I Don’t Think I’m Welcome

Earlier that summer I was introduced to a fellow urbexer. My friend told me, that this person knew loads of potential locations, but was very careful about them. We started following each other on Instagram, and this proved to be very handy.

Every time I was near an interesting location, this person would send me some tips. And that’s how I found this wonderful old villa.

The place was located in a small village by a railroad.In the early 20th century a brick factory was built there. The company operating it later grew and grew and later had several different factories in the village. After the factories closed down in the 1980’s pretty much everything else was closed in the village, too.

This villa was pretty close to the factory and probably was inhabited by its staff. Old maps show, that there were several buildings on the same lot. Now this one is the only one barely standing.

When tipping about this villa, my fellow urbexer mentioned a strange detail about it. I was a bit sceptical about it first, but…

My scepticism faded when I approached the porch. Can you see something strange here?

That is barbed wire. It is all over the stairs, which look pretty much rotten. That doesn’t look like a good combination.

I found another entrance, but it was an even worse mess. Whoever owned this place certainly didn’t want visitors. And I didn’t want to get cuts, so I left.

Published by desertedfinland

A Finnish Urban explorer & Photographer

6 thoughts on “I Don’t Think I’m Welcome

  1. I cannot tell you how many times I had to walk through barbed wire. If you wear an old pair long pants and take your time, barbed wire is manageable. Of course, it sucks and you really need to take your sweet time and be careful, but it is doable.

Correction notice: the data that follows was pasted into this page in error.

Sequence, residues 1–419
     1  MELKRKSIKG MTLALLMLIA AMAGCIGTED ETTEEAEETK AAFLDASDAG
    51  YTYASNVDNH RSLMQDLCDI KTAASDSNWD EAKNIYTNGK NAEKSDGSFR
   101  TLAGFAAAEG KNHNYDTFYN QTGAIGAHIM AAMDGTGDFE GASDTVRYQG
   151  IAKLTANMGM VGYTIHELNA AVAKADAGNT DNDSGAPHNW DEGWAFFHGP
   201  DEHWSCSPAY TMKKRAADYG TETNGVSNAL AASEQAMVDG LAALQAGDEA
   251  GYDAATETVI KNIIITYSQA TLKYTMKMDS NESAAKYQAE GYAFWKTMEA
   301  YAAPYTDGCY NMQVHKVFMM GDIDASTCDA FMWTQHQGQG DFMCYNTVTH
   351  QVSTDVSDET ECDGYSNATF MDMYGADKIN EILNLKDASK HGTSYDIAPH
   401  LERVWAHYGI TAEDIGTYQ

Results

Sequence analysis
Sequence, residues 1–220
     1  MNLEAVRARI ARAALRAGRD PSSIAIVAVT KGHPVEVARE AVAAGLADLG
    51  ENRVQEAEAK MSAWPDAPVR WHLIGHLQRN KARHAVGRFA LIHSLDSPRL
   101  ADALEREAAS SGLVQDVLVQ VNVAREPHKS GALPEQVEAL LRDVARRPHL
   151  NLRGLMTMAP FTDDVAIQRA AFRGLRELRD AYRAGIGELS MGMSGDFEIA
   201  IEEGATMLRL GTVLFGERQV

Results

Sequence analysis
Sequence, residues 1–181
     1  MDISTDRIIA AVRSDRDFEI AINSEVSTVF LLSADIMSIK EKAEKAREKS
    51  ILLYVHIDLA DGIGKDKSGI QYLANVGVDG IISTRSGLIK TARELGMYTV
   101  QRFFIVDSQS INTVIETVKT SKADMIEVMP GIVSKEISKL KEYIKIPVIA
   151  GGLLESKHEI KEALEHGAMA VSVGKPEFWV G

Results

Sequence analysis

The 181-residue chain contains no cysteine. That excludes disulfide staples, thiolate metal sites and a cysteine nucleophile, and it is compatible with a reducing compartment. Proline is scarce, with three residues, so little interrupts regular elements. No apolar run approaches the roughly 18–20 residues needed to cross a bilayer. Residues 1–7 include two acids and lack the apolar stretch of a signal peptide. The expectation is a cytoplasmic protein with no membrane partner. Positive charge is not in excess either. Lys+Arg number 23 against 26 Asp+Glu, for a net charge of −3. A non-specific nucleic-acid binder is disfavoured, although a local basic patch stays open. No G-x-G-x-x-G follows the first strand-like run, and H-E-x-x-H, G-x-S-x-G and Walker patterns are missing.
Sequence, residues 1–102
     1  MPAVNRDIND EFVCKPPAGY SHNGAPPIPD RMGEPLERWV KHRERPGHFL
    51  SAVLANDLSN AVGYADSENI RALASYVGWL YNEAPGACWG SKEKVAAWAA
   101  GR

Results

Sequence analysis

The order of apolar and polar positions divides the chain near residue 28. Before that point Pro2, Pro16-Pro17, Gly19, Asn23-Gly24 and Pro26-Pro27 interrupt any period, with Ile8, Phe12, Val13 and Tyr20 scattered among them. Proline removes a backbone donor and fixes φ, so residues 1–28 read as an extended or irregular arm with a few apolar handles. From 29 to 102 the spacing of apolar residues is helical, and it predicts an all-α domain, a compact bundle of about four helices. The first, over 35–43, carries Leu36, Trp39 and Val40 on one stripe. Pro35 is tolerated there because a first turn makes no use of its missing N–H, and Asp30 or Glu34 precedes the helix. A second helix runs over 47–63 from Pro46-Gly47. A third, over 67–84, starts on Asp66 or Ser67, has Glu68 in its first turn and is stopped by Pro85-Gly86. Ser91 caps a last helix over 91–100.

Razor wire is another story, and this type of security wire is something that does actually scare me. And yes, razor wire will cut right through firefighting gear and cause severe injury. I was warned about the dangers of razor wire when I was doing my basic training as a firefighter, and unfortunately, I have seen people narrowly escape injury, yet destroyed their gear simply by coming into contact with it. It’s nasty stuff.

    1. Once again the differences of Finland and America become very clear. After photographing hundreds of locations, this is the only one, where I’ve experienced barbed wire. I did manage to enter the place at a later date without a scratch, twice, actually. And it was totally worth it.

      1. Agree. The difference between the United States and Finland is that barbed wire in Finland is used as a deterrent, whereas in the United States, it is used to intimidate, injure, and kill.

      2. Yes. After reading uer.ca for some time. I’ve really realized what a heaven for urban explorers this country is.

  2. Hey, I’m interested in doing some exploringand practicing photographing, but cannot find anything, so I thought If there is any way you could share the location of this, or the old villa from one of your previous posts?

    1. I’m sorry, Blue. I never reveal locations to strangers, unless they have been demolished or renovated. That’s my way of protecting the little bit that is left to protect. That’s also sort of the code in this sport.

Leave a Reply

%d bloggers like this: